Frequently Asked Questions
1) Why are there so many earthquakes occurring around the summit?
The rigid rock of the caldera floor is responding to the steady withdrawal of magma from a shallow reservoir beneath the summit. As magma drains into the East Rift Zone and slowly pulls away support of the rock above it, the rock responds by incrementally collapsing.
2) Explain the cycle of earthquakes surrounding the summit collapse/explosion events.
Analyses of data from tiltmeters, GPS stations, seismometers, gas measurements, satellite and visual observations are ongoing, and several hypotheses could explain the processes occurring at the summit. A leading concept is that incremental collapses beneath the caldera act as a piston dropping on top of a depressurized magmatic system. This collapse process culminates in a large earthquake that may be strong enough to be felt by residents in the area. It also can produce an explosion in which gas drives ash into the atmosphere. After a large collapse/explosion event, the stress on the faults around Halemaʻumaʻu is reduced, resulting in fewer earthquakes. Several hours later, as magma continues to drain out of the summit, stress increases on the faults around Halemaʻumaʻu and earthquake rates increase and grow to a constant level that continues for several hours before the next collapse/explosion event.
3) Why is there a collapse/explosion event nearly every day at such a regular interval?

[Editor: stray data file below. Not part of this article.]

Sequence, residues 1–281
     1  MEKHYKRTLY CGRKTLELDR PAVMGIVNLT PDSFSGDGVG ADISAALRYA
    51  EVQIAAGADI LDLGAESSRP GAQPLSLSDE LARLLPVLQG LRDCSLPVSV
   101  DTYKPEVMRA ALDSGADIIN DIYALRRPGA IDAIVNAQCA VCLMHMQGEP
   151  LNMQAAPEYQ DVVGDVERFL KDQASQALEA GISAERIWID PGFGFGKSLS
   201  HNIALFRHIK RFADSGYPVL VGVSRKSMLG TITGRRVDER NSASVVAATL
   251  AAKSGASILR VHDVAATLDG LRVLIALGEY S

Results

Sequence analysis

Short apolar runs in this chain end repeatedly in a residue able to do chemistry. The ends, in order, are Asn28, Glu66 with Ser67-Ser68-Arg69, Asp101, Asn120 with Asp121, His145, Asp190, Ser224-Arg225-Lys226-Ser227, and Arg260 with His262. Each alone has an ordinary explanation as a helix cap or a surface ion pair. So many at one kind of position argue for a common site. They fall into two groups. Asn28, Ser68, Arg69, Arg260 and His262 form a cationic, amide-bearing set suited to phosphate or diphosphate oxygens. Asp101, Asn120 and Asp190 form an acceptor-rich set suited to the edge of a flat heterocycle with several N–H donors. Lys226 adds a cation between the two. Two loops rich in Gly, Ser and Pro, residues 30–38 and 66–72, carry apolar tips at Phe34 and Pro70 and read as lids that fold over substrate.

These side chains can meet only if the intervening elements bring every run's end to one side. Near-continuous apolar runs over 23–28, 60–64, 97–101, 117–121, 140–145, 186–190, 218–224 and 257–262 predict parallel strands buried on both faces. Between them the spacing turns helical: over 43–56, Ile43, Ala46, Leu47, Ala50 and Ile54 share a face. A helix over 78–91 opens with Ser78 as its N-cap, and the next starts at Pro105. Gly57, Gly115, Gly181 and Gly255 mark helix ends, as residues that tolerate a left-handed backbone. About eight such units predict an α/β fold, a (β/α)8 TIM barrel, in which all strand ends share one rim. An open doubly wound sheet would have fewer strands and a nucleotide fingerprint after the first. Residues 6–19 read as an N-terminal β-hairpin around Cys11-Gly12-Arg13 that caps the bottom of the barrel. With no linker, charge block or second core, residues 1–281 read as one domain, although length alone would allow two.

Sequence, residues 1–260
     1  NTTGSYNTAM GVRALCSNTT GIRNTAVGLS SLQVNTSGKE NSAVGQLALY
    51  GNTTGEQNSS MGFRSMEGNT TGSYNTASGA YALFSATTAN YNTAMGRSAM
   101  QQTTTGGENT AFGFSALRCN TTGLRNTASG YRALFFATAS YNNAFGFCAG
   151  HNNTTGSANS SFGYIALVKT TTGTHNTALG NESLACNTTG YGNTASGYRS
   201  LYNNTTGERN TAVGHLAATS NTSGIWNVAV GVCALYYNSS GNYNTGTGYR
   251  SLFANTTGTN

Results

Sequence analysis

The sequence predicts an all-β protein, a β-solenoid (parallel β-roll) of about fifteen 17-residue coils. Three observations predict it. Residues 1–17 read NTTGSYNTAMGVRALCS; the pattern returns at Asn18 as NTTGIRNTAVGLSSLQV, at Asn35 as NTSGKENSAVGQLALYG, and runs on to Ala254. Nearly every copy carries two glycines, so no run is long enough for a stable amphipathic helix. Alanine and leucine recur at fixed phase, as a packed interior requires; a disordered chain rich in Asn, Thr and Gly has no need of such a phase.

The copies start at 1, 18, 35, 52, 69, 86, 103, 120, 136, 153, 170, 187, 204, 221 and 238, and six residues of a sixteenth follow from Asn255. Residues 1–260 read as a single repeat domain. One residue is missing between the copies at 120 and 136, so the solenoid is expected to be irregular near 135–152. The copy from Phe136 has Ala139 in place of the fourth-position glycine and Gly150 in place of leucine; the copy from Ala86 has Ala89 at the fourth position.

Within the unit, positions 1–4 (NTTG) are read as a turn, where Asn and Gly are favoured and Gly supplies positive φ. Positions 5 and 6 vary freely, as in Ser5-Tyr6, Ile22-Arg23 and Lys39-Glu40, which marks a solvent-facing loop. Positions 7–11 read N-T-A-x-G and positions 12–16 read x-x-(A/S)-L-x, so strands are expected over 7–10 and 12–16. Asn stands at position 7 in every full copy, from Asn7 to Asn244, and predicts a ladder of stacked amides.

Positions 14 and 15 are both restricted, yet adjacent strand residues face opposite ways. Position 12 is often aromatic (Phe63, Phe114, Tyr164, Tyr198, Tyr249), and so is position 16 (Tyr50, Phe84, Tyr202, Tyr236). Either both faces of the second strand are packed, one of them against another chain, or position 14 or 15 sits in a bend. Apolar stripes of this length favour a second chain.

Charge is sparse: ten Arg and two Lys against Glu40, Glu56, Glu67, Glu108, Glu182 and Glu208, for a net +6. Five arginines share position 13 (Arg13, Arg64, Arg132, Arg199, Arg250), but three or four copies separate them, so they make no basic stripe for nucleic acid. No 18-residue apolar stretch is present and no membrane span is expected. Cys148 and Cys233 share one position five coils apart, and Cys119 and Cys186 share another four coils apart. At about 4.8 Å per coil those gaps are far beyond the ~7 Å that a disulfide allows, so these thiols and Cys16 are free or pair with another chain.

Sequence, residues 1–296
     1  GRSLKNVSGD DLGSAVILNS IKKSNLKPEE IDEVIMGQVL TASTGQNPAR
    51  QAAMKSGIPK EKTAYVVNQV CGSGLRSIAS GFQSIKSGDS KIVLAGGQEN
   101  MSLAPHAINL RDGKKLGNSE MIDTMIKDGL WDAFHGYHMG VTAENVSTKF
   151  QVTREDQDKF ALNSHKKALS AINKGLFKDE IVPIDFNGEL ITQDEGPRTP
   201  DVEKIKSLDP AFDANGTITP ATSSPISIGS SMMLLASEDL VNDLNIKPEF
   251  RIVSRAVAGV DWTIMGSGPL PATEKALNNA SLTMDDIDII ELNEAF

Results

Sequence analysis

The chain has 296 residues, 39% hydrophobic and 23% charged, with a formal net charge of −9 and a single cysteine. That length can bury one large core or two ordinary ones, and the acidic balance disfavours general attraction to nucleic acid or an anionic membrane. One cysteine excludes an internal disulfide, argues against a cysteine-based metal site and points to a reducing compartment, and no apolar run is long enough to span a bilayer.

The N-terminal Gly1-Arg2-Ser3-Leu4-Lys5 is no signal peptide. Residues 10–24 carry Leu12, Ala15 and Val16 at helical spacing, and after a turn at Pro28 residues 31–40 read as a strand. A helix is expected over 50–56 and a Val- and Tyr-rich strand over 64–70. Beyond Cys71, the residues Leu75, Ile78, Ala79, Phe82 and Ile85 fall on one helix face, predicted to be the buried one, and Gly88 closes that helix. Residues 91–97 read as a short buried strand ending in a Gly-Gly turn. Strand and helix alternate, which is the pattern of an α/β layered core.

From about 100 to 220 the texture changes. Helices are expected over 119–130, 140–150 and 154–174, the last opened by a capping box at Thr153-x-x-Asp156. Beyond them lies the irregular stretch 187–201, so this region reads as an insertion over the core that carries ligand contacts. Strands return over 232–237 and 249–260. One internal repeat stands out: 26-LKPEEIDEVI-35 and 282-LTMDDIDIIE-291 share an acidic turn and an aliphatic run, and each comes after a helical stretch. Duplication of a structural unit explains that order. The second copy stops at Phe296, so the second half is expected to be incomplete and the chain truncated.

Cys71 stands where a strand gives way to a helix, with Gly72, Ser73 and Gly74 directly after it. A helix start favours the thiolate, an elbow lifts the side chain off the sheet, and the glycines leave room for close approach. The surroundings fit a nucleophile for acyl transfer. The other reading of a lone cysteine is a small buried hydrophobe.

The cycle is linked to the steady withdrawal of magma from the shallow reservoir. Each collapse/explosion event is triggered when the caldera floor can no longer support its own weight. Since the sequence began on May 16, we have observed intervals between collapse/explosion events as short at 8 hours and as long as 64 hours. The average is about 28 hours, which is why they seem to happen on an almost daily interval.
4) Why do so many of the collapse/explosion events have the same energy equivalent as a magnitude around 5.3?
The energy being released, which corresponds to the magnitudes being reported, is a reflection of the physical process that produces these events. That process seems to be remarkably consistent over time. It is likely controlled by the geometry of the caldera itself and the size of the piston collapse.
5) Why does the collapse/explosion event feel smaller/larger than the magnitude shown?
There is no direct correlation between earthquake magnitude and felt intensity. Magnitude is an estimate of earthquake energy release, whereas intensity is the amount of shaking felt at any given spot. Intensity is highly dependent on distance from the earthquake, geology of the subsurface, and the type of seismic waves.
Magnitude 5+ earthquakes in Hawaii typically occur when rocks slide along large faults. These recent high magnitude Kīlauea earthquakes occur due to collapse and explosions under the caldera, which have an equivalent magnitude but differ in intensity because of the way the seismic waves are produced.